On November 3, the 3M Company agreed to a U.S. Environmental Protection Agency (EPA) order to sample and provide treatment to address contamination from per- and polyfluoroakyl substances (PFAS) found in drinking water in the vicinity of 3M’s Cordova, IL facility. Recent sampling results provided by 3M indicate the widespread presence of a mixture of at least 19 different PFAS chemicals in drinking water within a 3-mile radius of the Cordova facility. Given the unique circumstances affecting this community, including more than five decades of PFAS discharges and the many types of PFAS chemicals found, EPA has concluded that the situation constitutes an imminent and substantial endangerment under the federal Safe Drinking Water Act.
As part of this settlement, 3M is required to offer treatment to all private well owners within 3 miles of the facility and to the Camanche Water Supply in Iowa, in an effort to remove PFAS from the drinking water. 3M is also required to offer drinking water sampling out to 4 miles from the facility for private well owners and out to 10 miles from the facility for public water systems as well as to the Quad Cities’ public water systems, using EPA protocols and conducted under EPA oversight.
3M’s sampling of the drinking water in private wells near the facility detected a range of concentrations including: perfluorooctanoic acid (PFOA) of non-detect to 25 ppt, perfluorooctanesulfonic acid (PFOS) of non-detect to 30 ppt, hexafluoropropylene oxide dimer acid (HFPO-DA), or “GenX” of non-detect to 59 ppt, and perfluorobutane sulfunate (PFBS) of non-detect to 51 ppt. 3M did not use EPA test methods for this sampling. As a result, the order issued today requires 3M to sample these wells again following EPA test methods.
3M was one of the original companies developing and producing PFAS within the United States, and their Cordova facility operations and discharges containing PFAS chemicals date back to the 1970s. 3M’s agreement to the terms of the Order including completing the work required under EPA’s oversight is an important step to begin addressing the problem created by decades of contamination. This settlement is part of EPA’s ongoing efforts to compel major PFAS manufacturers to characterize and control ongoing releases from their facilities.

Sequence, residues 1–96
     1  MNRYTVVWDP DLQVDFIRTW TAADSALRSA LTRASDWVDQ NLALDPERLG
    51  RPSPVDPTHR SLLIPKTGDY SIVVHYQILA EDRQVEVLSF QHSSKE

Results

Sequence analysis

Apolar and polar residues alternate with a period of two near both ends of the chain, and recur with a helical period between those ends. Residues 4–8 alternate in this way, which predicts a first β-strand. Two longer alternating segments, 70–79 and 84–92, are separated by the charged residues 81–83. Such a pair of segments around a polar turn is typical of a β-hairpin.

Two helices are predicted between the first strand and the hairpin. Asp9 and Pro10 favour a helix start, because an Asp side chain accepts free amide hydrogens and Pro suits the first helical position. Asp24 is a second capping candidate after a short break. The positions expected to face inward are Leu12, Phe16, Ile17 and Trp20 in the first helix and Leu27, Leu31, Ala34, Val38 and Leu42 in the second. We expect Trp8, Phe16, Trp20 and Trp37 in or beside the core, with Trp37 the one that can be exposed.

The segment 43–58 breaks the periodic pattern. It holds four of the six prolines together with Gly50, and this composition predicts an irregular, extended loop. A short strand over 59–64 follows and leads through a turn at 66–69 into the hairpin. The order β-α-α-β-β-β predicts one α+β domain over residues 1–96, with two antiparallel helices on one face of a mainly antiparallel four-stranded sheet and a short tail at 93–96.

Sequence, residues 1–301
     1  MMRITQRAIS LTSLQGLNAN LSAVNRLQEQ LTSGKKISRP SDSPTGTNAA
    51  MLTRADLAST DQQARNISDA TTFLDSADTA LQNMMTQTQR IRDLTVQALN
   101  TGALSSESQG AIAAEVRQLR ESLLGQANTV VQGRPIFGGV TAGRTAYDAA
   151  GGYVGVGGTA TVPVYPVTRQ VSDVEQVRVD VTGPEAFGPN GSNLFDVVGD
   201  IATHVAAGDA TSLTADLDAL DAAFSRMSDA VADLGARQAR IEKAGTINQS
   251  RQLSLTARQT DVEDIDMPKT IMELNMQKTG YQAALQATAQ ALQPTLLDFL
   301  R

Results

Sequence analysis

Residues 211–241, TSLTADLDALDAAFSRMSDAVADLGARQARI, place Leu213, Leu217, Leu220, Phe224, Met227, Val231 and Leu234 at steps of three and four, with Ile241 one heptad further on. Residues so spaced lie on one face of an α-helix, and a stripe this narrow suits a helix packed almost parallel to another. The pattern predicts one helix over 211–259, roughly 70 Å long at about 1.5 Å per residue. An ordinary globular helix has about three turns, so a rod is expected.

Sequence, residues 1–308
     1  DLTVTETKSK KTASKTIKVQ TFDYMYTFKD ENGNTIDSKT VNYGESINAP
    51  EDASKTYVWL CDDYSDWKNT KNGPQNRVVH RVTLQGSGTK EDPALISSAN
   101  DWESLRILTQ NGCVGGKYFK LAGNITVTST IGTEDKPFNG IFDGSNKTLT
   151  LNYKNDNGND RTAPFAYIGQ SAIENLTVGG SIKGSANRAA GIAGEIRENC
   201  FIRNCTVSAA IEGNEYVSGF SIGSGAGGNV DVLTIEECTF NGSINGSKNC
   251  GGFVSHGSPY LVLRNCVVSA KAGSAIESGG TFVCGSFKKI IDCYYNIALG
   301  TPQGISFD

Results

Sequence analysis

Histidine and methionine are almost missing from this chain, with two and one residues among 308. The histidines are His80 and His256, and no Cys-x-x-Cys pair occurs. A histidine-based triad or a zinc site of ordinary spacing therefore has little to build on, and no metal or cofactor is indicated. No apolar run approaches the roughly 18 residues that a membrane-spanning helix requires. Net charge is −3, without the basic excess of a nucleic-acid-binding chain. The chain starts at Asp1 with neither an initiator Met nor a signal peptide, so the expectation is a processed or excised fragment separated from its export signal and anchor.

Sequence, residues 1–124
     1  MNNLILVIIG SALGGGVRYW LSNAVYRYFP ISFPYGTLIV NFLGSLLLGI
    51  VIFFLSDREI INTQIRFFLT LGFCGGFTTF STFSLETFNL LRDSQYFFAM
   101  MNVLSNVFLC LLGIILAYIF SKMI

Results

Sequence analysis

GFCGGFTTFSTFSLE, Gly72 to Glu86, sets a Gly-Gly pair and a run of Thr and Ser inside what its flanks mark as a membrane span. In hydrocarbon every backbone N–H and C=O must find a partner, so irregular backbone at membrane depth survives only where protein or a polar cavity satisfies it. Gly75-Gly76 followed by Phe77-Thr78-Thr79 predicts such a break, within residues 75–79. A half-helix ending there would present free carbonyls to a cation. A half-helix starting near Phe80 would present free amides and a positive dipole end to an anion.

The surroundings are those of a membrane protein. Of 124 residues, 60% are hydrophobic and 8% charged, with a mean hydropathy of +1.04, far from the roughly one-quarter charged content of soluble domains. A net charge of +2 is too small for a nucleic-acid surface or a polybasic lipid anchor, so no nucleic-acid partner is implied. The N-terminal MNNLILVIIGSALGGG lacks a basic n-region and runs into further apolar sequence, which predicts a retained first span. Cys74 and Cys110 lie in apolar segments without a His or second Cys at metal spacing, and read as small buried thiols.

Last year, EPA launched the PFAS Strategic Roadmap, a whole-of-agency approach for addressing PFAS. The Roadmap sets timelines by which EPA plans to take specific actions and commit to new policies to safeguard public health, protect the environment, and hold polluters accountable. In the national PFAS Roadmap, EPA commits to investigate releases of PFAS and where needed require manufacturers to characterize and control their PFAS releases. In the Roadmap, EPA also commits to take swift action to address potential endangerments to public health. EPA is actively working with its state partners on this effort, which will build upon valuable work led by a number of states.
Per- and polyfluoroalkyl substances, collectively called “PFAS,” are a group of man-made chemicals that have been manufactured and used in industry and consumer products since the 1940s. There are thousands of different PFAS chemicals, some of which have been more widely used and studied than others.